Home > Dr Connie Qian, Assistant Professor, University of Warwick

Dr Connie Qian, Assistant Professor, University of Warwick

“I was brought up in a semi-closed community in China, surrounded by the same friends that I grew up with. At the age of 17, I moved out of my hometown for the first time and travelled halfway around the world to study at the University of Nottingham, as it gave me the opportunity to study at one of the world’s top universities. I did my first degree in mechanical engineering as I was very good at maths and physics in school and was particularly interested in mechanics. However, studying a subject I was good at didn’t make my university life any easier. I struggled with homesickness, cultural shock, and language barriers. I also struggled to socialise with people therefore didn’t make any friends. I wasn’t happy, and wanted to go back to China and find a decent job as soon as I got my degree.

However, the turning point happened during my 3rd year at university, when I did my individual project on bending behaviour of composites within the Nottingham Composites Group. I knew hardly anything about composites when I was allocated the project, but I really enjoyed working on it, as it was strongly related to my favourite subject – solid mechanics. I also developed strong interests in FEA, particularly on how to represent real life problems using mathematical equations.

Towards the end of my 3rd year, an opportunity came along for a funded PhD placement at Nottingham. I took the offer straight away as funded PhD positions for international students were rare. I continued the journey on building my expertise in FEA during my PhD, where I worked on multi-scale modelling and structural optimisation for discontinuous fibre composites. My supervisors offered me a lot of support and encouragement during my PhD. During my PhD I started developing mental health problems due to the high stress. I had an eating disorder and anxiety and had to visit my GP and therapist on a regular basis. I felt ashamed to let anyone at work know about it, but one of my supervisors, had been telling me that I needed to have some hobby instead of working all the time. I took his advice and picked up an old hobby – playing the piano, which I had been doing since my childhood but stopped shortly after I arrived in the UK. Surprisingly, playing the piano daily didn’t jeopardise my work at all. Quite the opposite, it made me less stressed about my PhD and more productive at work. Mental health problem is something that keeps coming back to me, but the main thing I’ve learned is to speak to the people you trust instead of bottling it up and ask professionals for help when it gets too much, as they can help you to rationalise things, and suggest useful coping techniques to survive.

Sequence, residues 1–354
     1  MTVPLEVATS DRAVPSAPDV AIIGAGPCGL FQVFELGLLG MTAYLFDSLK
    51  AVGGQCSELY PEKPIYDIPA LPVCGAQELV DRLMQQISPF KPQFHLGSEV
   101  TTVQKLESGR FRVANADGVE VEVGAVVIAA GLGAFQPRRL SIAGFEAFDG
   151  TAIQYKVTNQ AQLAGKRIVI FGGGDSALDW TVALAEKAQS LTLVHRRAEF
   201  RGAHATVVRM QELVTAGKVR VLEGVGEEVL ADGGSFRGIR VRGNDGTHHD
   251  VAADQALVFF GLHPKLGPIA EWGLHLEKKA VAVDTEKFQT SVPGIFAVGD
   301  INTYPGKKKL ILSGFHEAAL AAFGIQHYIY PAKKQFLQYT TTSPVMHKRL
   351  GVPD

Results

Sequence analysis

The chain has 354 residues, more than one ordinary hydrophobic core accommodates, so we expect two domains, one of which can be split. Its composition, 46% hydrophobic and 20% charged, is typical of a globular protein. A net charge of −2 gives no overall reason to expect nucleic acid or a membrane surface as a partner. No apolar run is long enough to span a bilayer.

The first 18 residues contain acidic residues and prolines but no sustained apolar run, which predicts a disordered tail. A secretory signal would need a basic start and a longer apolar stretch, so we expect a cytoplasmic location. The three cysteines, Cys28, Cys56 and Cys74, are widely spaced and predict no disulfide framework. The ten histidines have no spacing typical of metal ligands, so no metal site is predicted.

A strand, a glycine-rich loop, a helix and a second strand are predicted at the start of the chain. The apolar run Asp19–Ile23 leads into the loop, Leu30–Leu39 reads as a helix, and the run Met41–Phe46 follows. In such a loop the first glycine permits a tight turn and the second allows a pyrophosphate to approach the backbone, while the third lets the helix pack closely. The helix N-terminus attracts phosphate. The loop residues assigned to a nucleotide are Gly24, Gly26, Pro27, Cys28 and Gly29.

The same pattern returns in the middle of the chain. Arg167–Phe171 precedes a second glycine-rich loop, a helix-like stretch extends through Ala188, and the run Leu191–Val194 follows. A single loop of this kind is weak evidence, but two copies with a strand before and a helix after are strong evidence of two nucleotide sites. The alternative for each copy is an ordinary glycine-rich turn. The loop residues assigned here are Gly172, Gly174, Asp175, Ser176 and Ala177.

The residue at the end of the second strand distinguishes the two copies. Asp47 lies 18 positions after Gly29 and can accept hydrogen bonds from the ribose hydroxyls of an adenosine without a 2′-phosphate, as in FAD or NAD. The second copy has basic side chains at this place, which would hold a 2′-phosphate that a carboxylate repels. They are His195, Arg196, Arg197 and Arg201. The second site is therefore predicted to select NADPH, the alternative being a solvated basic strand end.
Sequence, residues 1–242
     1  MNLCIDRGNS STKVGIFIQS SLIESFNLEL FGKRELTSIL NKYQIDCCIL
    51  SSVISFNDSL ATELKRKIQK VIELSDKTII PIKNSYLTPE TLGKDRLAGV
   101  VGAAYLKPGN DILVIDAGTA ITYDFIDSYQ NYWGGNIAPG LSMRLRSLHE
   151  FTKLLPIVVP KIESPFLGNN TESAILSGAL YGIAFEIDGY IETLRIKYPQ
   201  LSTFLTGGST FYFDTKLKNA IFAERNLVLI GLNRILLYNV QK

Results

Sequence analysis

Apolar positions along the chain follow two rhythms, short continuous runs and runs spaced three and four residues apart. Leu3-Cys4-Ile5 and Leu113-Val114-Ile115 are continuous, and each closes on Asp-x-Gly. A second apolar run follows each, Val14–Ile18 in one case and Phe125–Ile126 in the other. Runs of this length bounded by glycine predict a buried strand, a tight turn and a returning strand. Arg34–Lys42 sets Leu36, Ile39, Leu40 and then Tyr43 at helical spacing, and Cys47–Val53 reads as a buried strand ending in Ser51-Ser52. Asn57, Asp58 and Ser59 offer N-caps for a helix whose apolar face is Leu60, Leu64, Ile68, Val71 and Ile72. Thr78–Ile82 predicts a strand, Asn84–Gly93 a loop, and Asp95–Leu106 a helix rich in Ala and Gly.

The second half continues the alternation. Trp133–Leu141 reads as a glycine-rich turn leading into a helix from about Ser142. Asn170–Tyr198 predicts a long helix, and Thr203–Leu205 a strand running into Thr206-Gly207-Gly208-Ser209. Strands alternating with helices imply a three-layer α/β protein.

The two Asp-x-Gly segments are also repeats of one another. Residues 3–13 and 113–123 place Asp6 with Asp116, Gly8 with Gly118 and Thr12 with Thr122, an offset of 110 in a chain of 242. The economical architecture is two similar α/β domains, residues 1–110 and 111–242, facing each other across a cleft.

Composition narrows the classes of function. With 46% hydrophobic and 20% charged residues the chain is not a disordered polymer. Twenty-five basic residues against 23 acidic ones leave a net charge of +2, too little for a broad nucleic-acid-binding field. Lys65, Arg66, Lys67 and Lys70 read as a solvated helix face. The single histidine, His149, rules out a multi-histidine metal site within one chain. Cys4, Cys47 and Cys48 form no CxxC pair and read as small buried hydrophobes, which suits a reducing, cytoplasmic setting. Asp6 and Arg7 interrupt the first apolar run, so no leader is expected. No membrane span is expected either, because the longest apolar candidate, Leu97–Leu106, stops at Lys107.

After the completion of my PhD, I stayed at Nottingham as a postdoc. My career didn’t progress very well during my postdoc time at Nottingham, as I didn’t know what I wanted to work on. I couldn’t identify what problems were there waiting to be solved, and I didn’t have blue sky research ideas either. Therefore, I just took whatever projects that was readily available, even though I didn’t like the topics. Consequently, I was no longer motivated and didn’t generate much research output. After three years, things weren’t getting any better so I decided to move to a place where I could start fresh and develop the skills and abilities I was lacking at the time. I joined WMG at the University of Warwick, who had a strong focus on medium-high TRL projects. I was exposed to real-life problems, which allowed me to think about how to solve them at fundamental levels. This has allowed me to develop ideas for proposals, so that I can bring in my own projects rather than working on a project that I’m given. I have won several grants during my time at WMG, with the most important one being my Innovation Fellowship funded by the Composites Hub, as it paved my way to become an independent academic. I have gradually moved away from structural modelling into process modelling, but I don’t mind. It has allowed me to broaden my research interests which means I have been able to keep bringing new projects in.

During my innovation fellowship I was appointed the EDI champion of the Composites Hub and I’ve been in the role since then. Engineering is a field that lacks diversity. I remember visiting another university and the engineering department not having any woman’s toilets. I have had co-workers make verbally abusive, disparaging and racists comments towards me. An effective EDI strategy is not just to defend protected characteristics (e.g., race, gender, religion, sexual orientation, disability) but to go above and beyond to celebrate these different characterises. We all experience the world differently, but I don’t feel my social background has been a detriment to any of the problems I have faced. if anything, it has allowed me to spot problems and solutions that were not obvious to my colleagues. Diversity encourages different perspective which inspires creativity.  I would like to be a champion for change that allows researchers to receive the support they need and the opportunities they deserve, I hope my story can inspire other researchers who might experience difficulties to keep going and remind you that you are not alone.”

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